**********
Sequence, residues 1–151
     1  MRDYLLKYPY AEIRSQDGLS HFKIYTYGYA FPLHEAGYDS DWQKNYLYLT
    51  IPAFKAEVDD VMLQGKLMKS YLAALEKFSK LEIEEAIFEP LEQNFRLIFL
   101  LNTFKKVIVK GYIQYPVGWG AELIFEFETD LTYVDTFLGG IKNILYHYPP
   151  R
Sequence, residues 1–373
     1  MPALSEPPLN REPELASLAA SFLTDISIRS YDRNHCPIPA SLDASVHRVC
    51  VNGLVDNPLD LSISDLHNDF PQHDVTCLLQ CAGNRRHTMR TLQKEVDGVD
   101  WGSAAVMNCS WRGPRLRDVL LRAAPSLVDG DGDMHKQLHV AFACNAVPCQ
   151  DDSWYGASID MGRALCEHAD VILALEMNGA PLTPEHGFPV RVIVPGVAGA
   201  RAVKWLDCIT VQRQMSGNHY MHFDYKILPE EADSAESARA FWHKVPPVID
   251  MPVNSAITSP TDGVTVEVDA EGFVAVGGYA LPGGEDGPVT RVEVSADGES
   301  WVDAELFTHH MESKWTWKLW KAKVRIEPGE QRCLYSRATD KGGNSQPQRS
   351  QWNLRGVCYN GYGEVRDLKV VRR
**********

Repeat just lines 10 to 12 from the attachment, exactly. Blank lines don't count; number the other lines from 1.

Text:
   151  DDSWYGASID MGRALCEHAD VILALEMNGA PLTPEHGFPV RVIVPGVAGA
   201  RAVKWLDCIT VQRQMSGNHY MHFDYKILPE EADSAESARA FWHKVPPVID
   251  MPVNSAITSP TDGVTVEVDA EGFVAVGGYA LPGGEDGPVT RVEVSADGES